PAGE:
Screenwriter David Seidler, Hooper and the cast have made a commendable film; a film about the struggle of a king, an unlikely friendship and family. There are moments of surprising humour (the soon to be classic swearing tirade) and scenes that are genuinely touching (such as the struggling stutterer giving his daughters - the Princesses Elizabeth (Freya Wilson) and Margaret (Ramona Marquez) - a bedtime story. The desire to not disappoint his daughters and the creativity and humour he displays really help you warm to him). As I've said, "The King's Speech" is a solid, well-made and entertaining drama bringing a real historical tale to life. For whatever reason, I didn't find much more than that to it.

Video

Presented in a widescreen ratio of 1.78:1 mastered in HD 1080p 24/fps in AVC MPEG-4 compression. The film's color palette is very gray and drab, there's some grain and noise at times amid the blacks, this is intentional, and the film's look has been replicated here on Blu-ray perfectly. While there's plenty of grain, the film does look nice and sharp in its close ups and external locations. Skin tones appear nice and natural, with textures looking consistent right down to the imperfections in the actor's faces. Detail and contrast are spot on, the colors (cooling blues and grays) appear accurate. The image transfer looks good in this respect and I could not spot any compression issues or technical flaws.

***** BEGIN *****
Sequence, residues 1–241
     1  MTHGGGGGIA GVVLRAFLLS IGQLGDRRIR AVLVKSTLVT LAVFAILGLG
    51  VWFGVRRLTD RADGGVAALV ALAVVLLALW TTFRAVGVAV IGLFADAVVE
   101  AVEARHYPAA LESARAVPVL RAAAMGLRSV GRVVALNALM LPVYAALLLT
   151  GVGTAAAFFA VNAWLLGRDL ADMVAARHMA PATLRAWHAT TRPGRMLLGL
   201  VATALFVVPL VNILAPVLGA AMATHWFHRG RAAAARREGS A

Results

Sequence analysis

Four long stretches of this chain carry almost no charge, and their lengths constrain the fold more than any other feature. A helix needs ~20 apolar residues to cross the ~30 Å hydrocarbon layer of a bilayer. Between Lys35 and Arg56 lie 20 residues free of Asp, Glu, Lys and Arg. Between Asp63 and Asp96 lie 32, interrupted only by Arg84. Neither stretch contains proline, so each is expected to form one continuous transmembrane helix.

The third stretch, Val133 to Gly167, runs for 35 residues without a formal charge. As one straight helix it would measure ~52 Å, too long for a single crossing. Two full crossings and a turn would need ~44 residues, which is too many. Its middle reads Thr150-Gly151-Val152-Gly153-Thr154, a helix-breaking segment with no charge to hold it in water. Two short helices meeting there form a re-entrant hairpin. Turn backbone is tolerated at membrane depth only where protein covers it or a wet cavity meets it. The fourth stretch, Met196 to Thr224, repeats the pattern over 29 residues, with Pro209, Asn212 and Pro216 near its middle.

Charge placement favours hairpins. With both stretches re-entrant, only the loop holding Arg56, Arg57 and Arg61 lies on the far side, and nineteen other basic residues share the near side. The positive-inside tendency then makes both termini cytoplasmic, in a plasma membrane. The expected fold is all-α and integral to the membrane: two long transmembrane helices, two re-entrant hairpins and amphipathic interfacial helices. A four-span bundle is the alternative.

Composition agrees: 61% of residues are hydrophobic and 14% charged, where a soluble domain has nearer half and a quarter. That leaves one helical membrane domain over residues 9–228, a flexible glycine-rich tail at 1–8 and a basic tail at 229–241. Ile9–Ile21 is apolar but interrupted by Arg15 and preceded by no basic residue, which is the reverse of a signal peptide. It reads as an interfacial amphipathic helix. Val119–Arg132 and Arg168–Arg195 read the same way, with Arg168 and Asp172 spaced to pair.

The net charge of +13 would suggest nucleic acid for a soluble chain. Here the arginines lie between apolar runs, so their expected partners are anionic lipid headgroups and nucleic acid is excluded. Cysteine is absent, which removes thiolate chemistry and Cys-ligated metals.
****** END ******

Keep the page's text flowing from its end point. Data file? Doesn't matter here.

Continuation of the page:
Audio

The audio is presented in English DTS-HD Master Audio 5.1 surround mixed at 48kHz/24-bit. Upon first impression the film may seem like a droll, talky, art film. However this audio track is incredibly rich with activity. While there are plenty of talky moments that feature front heavy audio, ambient sounds add to the the environment to those moments and there are also plenty of moments that require surround activity and complexly rich sound design. Dialogue is clean and distortion free, directional sounds are natural and well placed, and the film's score also adds to the overall depth to the audio.
Optional subtitles are included in English for the hearing impaired, French and Spanish.

Extras

Anchor Bay's release of "The King's Speech" on Blu-ray comes complete with a feature-length audio commentary, a collection of featurettes, a Q&A interview, a PSA as well as a couple of bonus trailers. Below is a closer look at these supplements.